‘Costa Mexico’? Really?

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Every six months or so, I’m reminded of how naive and how unrealistic I am whenever something related to “Old Newport” raises its ugly head.

A year ago, the Republican Party of Orange County was debating whether to give its endorsement to former Los Alamitos Mayor Dean “Watermelons on the White House Lawn” Grose. Then, in April of this year, Republican Party of Orange County Central Committee Member Marilyn “Obama is a Chimp Email” Davenport made national headlines. Both times, the press reminded the Country about Newport Beach’s most famous former Councilmember, Dick “Mexicans on the Beach” Nichols.

Oh, the memories.

For those of you who forgot, here is a very condensed version of what happened. In 2003: Nichols said there were too many Mexicans on the Beach, and then the next day he said, “If you don’t believe me, go down there and look for yourself.” Both times, he said this to a Hispanic reporter. Some Newporters got mad, other Newporters defended him, Marilyn Davenport even defended him, but Nichols got censured by his fellow Councilmembers, and ended up receiving 10,724 votes (out of 25k cast) in his losing re-election bid…which means that 42.9% of Newporters who voted thought Nichols was doing a great job…

Anyways, this time I took pride (with tongue firmly in cheek) in being a Newport Beachian (Beacher? Beachite?) in my friend Barbara Venezia’s article joking about the creating of a combined Newport Beach-Costa Mesa “super city.” Her original article created such a “Stir” that she had a write a second in which she was surprised by how her County-wide readers viewed Newport Beach. Essentially, she wrote, they were saying“Newport residents would never take Costa Mesa due to its ethnic make-up, I’m putting it nicely – most didn’t, some calling it ‘Costa Mexico.’”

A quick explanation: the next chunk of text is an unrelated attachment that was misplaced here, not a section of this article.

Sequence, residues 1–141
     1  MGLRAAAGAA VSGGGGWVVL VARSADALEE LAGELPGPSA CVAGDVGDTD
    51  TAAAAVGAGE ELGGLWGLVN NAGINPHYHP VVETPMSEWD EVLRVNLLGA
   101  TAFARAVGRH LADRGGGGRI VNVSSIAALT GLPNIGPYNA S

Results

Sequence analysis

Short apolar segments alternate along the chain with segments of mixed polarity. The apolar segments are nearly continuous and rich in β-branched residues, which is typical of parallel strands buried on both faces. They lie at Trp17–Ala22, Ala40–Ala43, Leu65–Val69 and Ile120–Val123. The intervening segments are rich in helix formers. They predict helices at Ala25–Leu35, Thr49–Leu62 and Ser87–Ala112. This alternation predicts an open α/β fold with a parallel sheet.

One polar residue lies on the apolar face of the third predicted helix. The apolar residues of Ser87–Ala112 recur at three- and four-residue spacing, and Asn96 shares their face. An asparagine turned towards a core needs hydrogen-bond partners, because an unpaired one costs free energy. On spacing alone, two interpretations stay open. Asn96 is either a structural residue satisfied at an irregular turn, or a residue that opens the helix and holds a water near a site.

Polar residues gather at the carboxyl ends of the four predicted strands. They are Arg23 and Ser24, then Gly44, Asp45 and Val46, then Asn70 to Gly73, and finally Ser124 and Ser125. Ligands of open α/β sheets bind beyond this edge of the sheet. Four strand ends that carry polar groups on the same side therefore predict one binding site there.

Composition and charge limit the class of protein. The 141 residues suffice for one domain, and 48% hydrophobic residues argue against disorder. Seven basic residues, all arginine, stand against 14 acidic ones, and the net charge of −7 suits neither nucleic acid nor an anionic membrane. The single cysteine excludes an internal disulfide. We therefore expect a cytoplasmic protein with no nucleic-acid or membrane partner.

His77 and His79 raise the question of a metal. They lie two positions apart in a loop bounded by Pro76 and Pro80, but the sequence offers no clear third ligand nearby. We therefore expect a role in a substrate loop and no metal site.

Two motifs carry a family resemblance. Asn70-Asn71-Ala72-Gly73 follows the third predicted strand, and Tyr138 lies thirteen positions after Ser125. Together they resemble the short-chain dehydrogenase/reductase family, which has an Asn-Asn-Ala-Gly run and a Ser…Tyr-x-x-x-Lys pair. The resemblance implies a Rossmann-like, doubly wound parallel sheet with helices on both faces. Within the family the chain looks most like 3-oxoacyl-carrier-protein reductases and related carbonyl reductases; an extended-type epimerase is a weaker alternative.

Is that how everyone else thinks of Newport Beach? If so, is it deserved?

Maybe…but lets back up a bit.

The term “Old Newport” was taught to me in 2006. I had just gotten my head handed to me in the City Council election and was going through my “You lost, but you did a great job” emails when an anonymous one stopped me in my tracks. It essentially had some generic bodily harm threats, laced with frequent obscenities, but it eloquently ended with “Go back to Irvine with the rest of the Gooks!”

Fun right?

Well, the Newport Beach Police were able to track it to an unsecured wireless Internet connection in Newport Beach. Something like that couldn’t have come from Costa Mexico or Irvine anyways, so there was no surprise there. It was in my subsequent discussions with my politico friends that I kept hearing that “Old Newport” term, everytime with a wink and a nod. I finally asked an especially well-connected Newport Beach politico what exactly did that mean?

Essentially “Old Newport” are those folks in Newport Beach who grew up in a time, or household, where racial epithets were OK to say (or email) to people, but who themselves – with a wink and a nod – are not racist, no sir.

And looking at how many votes Dick Nichols received in 2006, I cannot help but wonder how many of those votes were because he was the Incumbent … and how many came with that wink and a nod.

So there you go! Calling me a “Gook” was OK, because the person (p.s. I know whose house the wireless Internet signal came from) is just “Old Newport.” Dick Nichols saying that all the non-white people in Corona del Mar are Mexicans was just “Old Newport.” It’s not racist, it’s just how that person was raised.

So last year, while deep in a 70th Assembly Race primary discussion with a Democrat (yes, I know a couple), that impression of Newport Beach’s “Old Newport” rose it’s ugly head again. You see, at the time, Irvine Councilman Steven Choi was polling ahead of the other two candidates, and we were pondering how six years of Assemblyman Choi would go. The Democrat (who used to live outside of Newport Beach) then stopped mid-sentence to say, with a wink and a nod, and I paraphrase, “Old Newport will never vote for him because he doesn’t have Round Eyes.”

Oh yeah, “Old Newport.” That’s what this Democrat’s decades-long analysis of Newport Beach voting patterns indicated.

Later that election season, I was inquiring about one of the many City Council candidates with two of my extremely well-connected political friends, and used that “Old Newport” term with a wink and a nod. Imagine my excitement when they knew exactly what I was asking and responded, “No, he is very Progressive.”

So does this only exist in Newport Beach? Of course not. But one cannot help but wonder how many of those Barbara Venezia readers actually have seen that wink and a nod enough to say that Newport Beach would never join up with Costa Mexico, or if it’s a stigma that “New Newport” will have to live down for many years to come.

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